Which ever approach you take, you also need to take into consideration the length of the post-cut rolls. Some ingredients like marinated beef may not blend well with sushi rice (which is typically sweet/sour). The beef recipe above produces a rather strong flavor and if you are making this as part of a multi-stage sushi platter, you do not want this one at the vanguard — the rest of your sushi will taste like cardboard as your tongue will be in party mode. However, strongly flavored ingredients can be counterbalanced with other ingredients, which would be too late if you’ve already rolled up your sushi, or increasing the volume of rice per roll. How do you do that? Adjust the size of each piece during cutting. For example, rolled sushi are typically cut in 4 or 6 pieces (some are not cut at all — see eho-maki). If you cut this article’s sushi into 6 pieces, each piece could be quite punishing. On the other hand, if you were to cut it into 4 pieces, the increase in the rice volume per piece would do more to take the edge off the flavorful meat (and whatever else you might have thrown in there).

Cutting rolled sushi can be frustrating if 1) you’re not using a sharp knife, and 2) you’re not cleaning off your knife with each cut. Be sure you have a smooth razor edge that cuts as you move the blade in smooth motions (not sawing), and when the rice starch (or other ingredients) sticks to the sides of the knife, wipe it off to have smoother cuts.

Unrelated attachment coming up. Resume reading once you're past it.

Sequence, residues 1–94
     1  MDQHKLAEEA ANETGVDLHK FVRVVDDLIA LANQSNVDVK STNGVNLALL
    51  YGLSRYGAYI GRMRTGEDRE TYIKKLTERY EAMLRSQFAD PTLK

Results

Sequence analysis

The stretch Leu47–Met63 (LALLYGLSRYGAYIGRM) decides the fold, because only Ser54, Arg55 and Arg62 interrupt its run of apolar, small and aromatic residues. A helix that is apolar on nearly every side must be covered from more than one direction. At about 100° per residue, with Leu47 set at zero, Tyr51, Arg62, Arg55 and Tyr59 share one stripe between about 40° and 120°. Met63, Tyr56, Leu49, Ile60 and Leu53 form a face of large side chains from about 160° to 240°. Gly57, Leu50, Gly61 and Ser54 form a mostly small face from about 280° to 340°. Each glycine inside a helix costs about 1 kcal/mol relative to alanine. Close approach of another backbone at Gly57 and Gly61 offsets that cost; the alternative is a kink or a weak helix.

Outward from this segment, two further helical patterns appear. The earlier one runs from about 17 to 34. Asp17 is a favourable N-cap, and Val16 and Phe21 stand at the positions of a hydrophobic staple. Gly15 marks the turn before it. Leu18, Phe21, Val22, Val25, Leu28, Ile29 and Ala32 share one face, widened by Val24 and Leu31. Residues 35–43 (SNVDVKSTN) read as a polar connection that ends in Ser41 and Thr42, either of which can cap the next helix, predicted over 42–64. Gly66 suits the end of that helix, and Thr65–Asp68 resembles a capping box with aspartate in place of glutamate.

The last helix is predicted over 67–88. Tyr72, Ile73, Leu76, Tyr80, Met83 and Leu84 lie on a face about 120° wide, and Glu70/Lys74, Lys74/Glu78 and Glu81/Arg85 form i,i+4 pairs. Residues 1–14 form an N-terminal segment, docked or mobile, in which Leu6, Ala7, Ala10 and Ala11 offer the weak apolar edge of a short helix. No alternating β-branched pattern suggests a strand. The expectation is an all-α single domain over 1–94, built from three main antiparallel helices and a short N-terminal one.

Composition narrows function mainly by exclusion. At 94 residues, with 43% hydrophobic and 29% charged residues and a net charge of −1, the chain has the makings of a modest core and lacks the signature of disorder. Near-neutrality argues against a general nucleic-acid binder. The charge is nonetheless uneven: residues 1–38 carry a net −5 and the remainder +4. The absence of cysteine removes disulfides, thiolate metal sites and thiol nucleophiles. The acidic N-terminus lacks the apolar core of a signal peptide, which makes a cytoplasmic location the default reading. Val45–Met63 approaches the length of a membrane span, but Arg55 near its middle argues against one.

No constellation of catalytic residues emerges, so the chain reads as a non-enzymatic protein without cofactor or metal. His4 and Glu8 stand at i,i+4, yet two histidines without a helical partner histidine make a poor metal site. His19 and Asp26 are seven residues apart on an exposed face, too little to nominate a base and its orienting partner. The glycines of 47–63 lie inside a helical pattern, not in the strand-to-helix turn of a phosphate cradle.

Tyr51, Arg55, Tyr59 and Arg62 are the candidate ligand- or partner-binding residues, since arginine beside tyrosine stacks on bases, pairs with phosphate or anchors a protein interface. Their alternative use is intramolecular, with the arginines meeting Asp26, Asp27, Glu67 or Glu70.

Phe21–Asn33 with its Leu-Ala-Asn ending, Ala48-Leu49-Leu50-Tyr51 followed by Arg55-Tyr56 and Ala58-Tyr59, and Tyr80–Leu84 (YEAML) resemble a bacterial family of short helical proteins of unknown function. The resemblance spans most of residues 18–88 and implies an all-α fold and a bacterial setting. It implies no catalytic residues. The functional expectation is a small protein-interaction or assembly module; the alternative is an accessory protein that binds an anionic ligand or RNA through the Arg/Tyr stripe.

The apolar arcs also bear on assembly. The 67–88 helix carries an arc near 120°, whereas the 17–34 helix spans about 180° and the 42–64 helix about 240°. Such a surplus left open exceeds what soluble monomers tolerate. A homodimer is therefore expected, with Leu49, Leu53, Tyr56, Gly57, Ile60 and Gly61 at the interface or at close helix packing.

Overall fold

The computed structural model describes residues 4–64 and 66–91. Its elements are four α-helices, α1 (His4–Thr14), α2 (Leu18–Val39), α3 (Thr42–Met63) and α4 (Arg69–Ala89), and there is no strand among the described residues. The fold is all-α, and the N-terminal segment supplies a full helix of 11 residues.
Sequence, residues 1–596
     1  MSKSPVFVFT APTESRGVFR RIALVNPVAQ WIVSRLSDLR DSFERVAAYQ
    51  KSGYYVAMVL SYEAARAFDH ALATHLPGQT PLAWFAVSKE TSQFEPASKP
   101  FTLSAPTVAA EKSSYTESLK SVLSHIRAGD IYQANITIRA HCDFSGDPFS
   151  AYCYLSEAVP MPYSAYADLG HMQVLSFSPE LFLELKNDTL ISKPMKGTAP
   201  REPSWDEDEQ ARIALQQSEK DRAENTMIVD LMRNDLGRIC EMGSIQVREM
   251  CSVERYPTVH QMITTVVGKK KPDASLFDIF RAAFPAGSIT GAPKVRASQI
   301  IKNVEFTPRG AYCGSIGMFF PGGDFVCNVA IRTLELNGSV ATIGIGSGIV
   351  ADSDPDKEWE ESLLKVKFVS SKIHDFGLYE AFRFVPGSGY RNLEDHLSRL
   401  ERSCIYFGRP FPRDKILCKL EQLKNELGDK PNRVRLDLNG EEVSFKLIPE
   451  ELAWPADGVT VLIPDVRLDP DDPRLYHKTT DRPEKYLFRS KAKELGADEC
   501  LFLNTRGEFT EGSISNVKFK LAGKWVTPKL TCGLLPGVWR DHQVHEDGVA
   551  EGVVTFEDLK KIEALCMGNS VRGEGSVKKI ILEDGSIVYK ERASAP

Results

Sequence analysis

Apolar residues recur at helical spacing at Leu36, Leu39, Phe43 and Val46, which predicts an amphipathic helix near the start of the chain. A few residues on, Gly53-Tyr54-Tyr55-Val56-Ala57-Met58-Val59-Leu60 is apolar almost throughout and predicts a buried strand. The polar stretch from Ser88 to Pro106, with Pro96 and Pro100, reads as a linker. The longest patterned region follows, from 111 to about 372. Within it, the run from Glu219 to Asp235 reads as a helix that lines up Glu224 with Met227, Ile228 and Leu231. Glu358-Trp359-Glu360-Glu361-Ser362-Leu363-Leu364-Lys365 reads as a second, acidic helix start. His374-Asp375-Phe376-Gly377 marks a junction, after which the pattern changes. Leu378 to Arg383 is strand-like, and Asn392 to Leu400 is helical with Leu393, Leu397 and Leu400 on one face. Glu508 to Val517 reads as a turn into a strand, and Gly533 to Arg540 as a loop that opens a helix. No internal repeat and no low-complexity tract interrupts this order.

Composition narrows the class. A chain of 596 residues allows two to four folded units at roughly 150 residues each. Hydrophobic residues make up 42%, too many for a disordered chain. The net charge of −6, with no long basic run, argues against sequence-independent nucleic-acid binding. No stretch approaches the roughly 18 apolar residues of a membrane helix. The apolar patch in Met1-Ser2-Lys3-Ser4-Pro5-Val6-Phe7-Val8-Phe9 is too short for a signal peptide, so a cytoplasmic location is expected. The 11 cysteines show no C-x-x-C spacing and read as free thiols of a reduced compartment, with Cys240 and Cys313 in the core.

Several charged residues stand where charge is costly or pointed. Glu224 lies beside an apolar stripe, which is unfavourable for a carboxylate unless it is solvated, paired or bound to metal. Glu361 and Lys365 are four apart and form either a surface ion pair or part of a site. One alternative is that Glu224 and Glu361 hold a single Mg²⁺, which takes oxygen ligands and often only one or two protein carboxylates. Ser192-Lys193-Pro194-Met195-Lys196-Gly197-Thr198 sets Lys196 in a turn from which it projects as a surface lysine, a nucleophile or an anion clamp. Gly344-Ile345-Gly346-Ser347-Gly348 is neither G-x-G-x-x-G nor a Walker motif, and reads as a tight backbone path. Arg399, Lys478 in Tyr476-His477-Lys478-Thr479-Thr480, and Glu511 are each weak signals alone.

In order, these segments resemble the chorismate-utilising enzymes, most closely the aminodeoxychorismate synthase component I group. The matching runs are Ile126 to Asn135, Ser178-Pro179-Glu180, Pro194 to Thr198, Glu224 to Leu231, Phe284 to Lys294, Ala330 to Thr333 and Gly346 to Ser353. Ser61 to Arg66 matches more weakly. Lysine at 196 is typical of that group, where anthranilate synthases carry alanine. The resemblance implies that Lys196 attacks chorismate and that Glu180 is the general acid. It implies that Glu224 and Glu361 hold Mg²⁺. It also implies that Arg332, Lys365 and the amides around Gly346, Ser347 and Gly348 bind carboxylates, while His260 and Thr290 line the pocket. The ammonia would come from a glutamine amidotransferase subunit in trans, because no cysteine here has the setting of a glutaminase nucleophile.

Eating Sushi 101 for non-Japanese: Most sushi is eaten with one bite, but if you have especially large pieces, it’s not impolite to take more than one bite. If you are straining to get the whole thing down in one bite, you’re not impressing anyone. Also, do whatever it takes to get that sushi into your mouth without delay or disaster. Use your hands (as is the tradition). Use a fork. Anything other than trying to show off your unproven chopstick skillz and end up landing your food in your lap or gods-forbid, the soy sauce bowl.

Author’s Note: Yes, I am aware that was in a chapter of “Shota’s Sushi” and probably other sushi/cooking manga out there. But just try it and see for yourself how merely adjusting the rice content of a sushi roll (even a piece of nigiri sushi) can help balance things out.